Arthritis is an umbrella term that includes more than 100 different diseases in several broad categories. One of those categories is inflammatory arthritis, and the most common type of inflammatory arthritis is rheumatoid arthritis, or RA. RA is an autoimmune disorder, where your body attacks the lining of your joints, causing inflammation, pain, and eventually, damage.
The highly skilled and trained providers at Rheumatology Solutions treat rheumatoid arthritis, along with other types of inflammatory arthritis, and we know that often people at higher risk worry about developing the condition. In this post, we describe those risk factors and some of the early signs to which you should pay attention. Early treatment of RA is important because it can significantly slow the progression of the disease.
Researchers don’t know why some people develop autoimmune conditions and others don’t. There are a few things that appear to increase your risk of RA. For example, the older you are, the higher the likelihood of developing RA. The demographic group most likely to experience the onset of RA are people in their 60s.
Women are more likely to develop RA than men, by a significant margin. New cases of RA are two to three times more likely to be in women than in men. Other risk factors include:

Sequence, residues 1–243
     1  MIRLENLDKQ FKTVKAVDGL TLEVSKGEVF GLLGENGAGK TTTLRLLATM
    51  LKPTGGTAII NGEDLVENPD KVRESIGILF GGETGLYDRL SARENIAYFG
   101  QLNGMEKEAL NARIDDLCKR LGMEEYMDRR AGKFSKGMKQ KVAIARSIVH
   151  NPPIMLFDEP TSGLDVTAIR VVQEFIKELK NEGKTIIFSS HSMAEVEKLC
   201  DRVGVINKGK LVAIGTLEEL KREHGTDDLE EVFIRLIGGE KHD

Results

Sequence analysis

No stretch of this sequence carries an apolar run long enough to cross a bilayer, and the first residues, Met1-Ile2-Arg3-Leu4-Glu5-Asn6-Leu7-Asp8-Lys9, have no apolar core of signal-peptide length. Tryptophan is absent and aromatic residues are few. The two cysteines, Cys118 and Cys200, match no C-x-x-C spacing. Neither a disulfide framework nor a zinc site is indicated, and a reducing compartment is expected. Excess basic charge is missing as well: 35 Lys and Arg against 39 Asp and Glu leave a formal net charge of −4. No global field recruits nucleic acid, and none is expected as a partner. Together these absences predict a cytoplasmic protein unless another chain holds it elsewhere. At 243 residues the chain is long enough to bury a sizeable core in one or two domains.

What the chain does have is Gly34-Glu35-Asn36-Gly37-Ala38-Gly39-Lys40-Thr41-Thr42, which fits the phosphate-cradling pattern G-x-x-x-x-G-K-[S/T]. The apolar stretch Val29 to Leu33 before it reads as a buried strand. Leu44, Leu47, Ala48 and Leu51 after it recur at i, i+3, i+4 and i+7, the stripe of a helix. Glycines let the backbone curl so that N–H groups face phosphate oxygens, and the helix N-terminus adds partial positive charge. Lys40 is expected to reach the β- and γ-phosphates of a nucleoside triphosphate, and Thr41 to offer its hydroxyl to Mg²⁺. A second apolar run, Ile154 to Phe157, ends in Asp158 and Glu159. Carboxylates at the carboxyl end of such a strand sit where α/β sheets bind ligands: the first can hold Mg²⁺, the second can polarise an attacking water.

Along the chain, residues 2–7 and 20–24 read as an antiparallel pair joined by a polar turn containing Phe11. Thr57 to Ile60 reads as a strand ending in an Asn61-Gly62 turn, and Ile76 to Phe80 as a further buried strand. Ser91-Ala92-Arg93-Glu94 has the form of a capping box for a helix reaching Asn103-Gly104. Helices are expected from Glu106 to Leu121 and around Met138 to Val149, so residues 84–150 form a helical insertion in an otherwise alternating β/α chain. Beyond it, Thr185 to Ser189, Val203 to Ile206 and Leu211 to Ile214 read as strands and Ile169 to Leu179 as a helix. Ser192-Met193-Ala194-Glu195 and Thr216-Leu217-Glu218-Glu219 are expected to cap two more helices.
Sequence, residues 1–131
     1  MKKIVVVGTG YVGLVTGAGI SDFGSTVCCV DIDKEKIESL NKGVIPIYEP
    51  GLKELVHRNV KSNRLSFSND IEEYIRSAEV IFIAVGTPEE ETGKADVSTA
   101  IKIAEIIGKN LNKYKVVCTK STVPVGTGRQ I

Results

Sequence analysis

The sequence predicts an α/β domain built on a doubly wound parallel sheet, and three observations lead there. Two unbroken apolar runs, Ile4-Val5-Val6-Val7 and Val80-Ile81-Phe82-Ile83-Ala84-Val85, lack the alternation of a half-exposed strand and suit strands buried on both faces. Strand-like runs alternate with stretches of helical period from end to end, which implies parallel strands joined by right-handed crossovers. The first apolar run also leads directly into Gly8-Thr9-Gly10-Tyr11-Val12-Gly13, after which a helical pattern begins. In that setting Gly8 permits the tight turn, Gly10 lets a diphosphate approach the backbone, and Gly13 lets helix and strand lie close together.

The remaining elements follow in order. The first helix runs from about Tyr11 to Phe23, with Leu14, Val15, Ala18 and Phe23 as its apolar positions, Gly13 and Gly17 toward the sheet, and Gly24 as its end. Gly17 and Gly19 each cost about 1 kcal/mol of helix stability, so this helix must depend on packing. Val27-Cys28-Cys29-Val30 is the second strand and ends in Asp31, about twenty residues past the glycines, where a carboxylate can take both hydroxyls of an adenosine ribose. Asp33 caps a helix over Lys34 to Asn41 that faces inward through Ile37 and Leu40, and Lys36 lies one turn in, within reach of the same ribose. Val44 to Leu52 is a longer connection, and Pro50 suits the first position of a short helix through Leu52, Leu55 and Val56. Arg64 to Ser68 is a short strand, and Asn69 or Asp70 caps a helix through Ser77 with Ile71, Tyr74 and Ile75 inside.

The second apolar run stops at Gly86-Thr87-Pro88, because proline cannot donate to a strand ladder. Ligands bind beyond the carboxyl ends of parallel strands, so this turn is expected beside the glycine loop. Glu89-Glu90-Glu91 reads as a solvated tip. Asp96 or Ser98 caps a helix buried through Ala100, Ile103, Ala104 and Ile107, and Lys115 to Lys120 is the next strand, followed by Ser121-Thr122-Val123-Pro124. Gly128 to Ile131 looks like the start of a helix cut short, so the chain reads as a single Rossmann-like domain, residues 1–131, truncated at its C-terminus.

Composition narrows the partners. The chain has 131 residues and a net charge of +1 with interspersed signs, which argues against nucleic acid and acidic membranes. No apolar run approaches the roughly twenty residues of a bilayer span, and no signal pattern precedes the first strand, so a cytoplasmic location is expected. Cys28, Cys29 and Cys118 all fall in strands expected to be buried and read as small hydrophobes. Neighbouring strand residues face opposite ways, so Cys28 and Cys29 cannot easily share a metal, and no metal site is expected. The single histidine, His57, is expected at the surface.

The most well-known symptom of RA is joint pain, tenderness, stiffness, or swelling, as it is for all forms of arthritis. But, with RA you’re likely to feel pain or stiffness in more than one joint unlike with some other kinds of arthritis. You may also notice that you have pain in the same joints on opposite sides of your body — so if your right knee hurts, your left one may also hurt.
RA usually begins in the small joints of your body, such as your wrists, fingers, or the bones in your feet. Most people with RA have worse symptoms in the morning, and joint stiffness that lasts for 30 minutes or more when they first wake up.
You may also experience fatigue or tiredness in the early stages of RA. RA fatigue is a well-documented symptom. Weakness may also be a problem.
Many people with RA lose weight. Researchers aren’t sure why unexplained weight loss is so often a symptom in RA, but it could be related to simply being in pain. Some people develop a low-grade fever with RA, as well.
If you’re having symptoms of RA, you should see an expert because the sooner you get treatment, the better for your joints, and the less likely you’ll experience complications. To get a correct diagnosis, your doctor will do blood tests, provide a physical examination and talk to you about your symptoms.
Many new treatments for RA are available that are incredibly effective. There’s no cure, but it’s possible to reach remission in many cases through proper treatment and lifestyle changes.
If you have joint pain, fatigue, or other symptoms, schedule an appointment at Rheumatology Solutions today. A correct diagnosis is the best way to find an effective and appropriate course of treatment.